In yesterday's post, I revealed that at least three generations in my matrilineal line were illegitimate: Wilhelmine Bellmer/Schulze (b. 1859), her mother Sophie Bellmer (b. 1835), and her mother Anna Margrete Otten (b. 1800). Since yesterday, I've had messages from a few people with knowledge in this area and I've read a few things myself. We can imagine some of the historically known circumstances may have applied in these families, but first let's see what the particular situation was in each generation.
My great-great-great grandmother, Adelheit Anna Wellbrock was not married to her daughter Anna''s father, Johann Harm Otten, a "cottage farmer." Adelheit, who was around 33 at the time of Anna's birth, seemed to have continued for some years in a relationship with Anna's father, Johann, who was around about 32 at the time of Anna's birth. They went on to have two more children together, Hedwig and Beta, but then Johann somehow met an untimely death at the age of 38, cause unknown, the same year their third daughter was born.
Anna Margrete Otten, on the other hand, was about 35 when her daughter Sophie was born. She revealed the name of Sophie's father: Gevert Bellmer, a 25-year-old unmarried ship's carpenter. It's very unclear how they came together -- perhaps on one of Gevert's shore leaves? -- but they didn't stay together; three years after Sophie's birth, Gevert married another woman and with her had nine children. Sophie was given Gevert's surname and so was known as Sophie Bellmer.
18th Century peasants (French, but probably pretty similar)
Sophie Bellmer was around 24 when her daughter Wilhelmine Bellmer was born. At this point it appears that she never revealed the name of Wilhelmine's father; she later married Christian Friedrich Engelhardt Schulze -- at least, I'm hoping to find that marriage record -- and Wilhelmine became known by the name Wilhelmine Schulze. Christian Schulze stood up for Wilhelmine at her wedding, so perhaps they had a good father/daughter relationship. Could he have been her biological father?
Here are some of the things I've learned about marriage customs and illegitimacy in Germany in the 18th and 19th Centuries:
1. A significant percentage of babies were born out of wedlock in these years -- sources vary wildly in their estimation, from 1-2% all the way up to one-third of all babies being born were illegitimate, or at least conceived before the parents' marriage. Humans will always be human, and there was very little reliable birth control 200 years ago.
2. Because the upper class didn't want the world overrun with children of poor people, they imposed a "marriage tax": Couples would have to pay 2-20 florins, or prove that they had a net worth of 100-200 florins, before they were given permission to marry, at a time when a day laborer would make .10 florins a day. As a result, many couples didn't marry or waited until they had enough money to marry -- but in the meanwhile, they were still having children.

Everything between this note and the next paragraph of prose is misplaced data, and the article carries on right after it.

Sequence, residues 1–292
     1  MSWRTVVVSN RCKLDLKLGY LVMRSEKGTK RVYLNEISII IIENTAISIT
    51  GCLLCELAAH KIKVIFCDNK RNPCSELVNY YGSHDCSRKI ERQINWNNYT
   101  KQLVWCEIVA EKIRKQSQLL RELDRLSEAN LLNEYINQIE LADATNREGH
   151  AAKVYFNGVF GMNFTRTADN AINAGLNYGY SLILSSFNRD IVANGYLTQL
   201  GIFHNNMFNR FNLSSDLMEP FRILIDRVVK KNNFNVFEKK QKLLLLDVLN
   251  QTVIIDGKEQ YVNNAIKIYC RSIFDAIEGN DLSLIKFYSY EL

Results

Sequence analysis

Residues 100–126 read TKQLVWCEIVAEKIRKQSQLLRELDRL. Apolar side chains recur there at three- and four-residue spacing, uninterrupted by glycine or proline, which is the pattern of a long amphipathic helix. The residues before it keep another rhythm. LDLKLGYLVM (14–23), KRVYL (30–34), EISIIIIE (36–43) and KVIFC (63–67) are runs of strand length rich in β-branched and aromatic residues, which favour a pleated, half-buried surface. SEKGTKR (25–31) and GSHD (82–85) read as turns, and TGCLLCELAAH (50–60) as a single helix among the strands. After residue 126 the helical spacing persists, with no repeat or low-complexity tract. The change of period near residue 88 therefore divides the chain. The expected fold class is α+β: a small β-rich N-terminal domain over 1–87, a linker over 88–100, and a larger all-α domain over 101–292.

3. In difficult economic times, fewer marriages would take place and the rate of illegitimacy would rise. Certainly Germany had difficult times in the 1800's, so perhaps this held true.
4. It wasn't unheard of for an unmarried servant to become pregnant. Such pregnancies were often hidden, the baby was farmed out to a wet nurse, and the servant went on working for the wealthy people.
5. Finally, in some cases it was not clear exactly at what point people were considered married -- any time from the engagement to the actual ceremony itself could constitute "marriage." So children could be born out of official wedlock, but within the social practices of that community, their parents considered themselves married.
So what do we have in my family tree? I would guess that in the case of Adelheit and Johann, who was a very small farmer, they were unable to come up with the marriage tax. Nevertheless, they lived together and had children together.
With Anna and Gevert, I don't know. With the 10-year difference (and she being the older), was that a serious relationship, or something that just happened? If Gevert made any promises to Anna, he certainly didn't keep them when he went ahead and married someone else.
With Sophie, my great-great grandmother, we don't have enough information to tell yet. Until we find the connection between her and Christian Schulze, her circumstances will remain a mystery.
Well, I've learned an awful lot since yesterday and I hope this is helpful to you, too, if you come across any extra-marital incidents in your tree!
Here are a few references I looked at for this post:
And thanks to these facebook group friends who shared their knowledge:
Emily Allyn Moore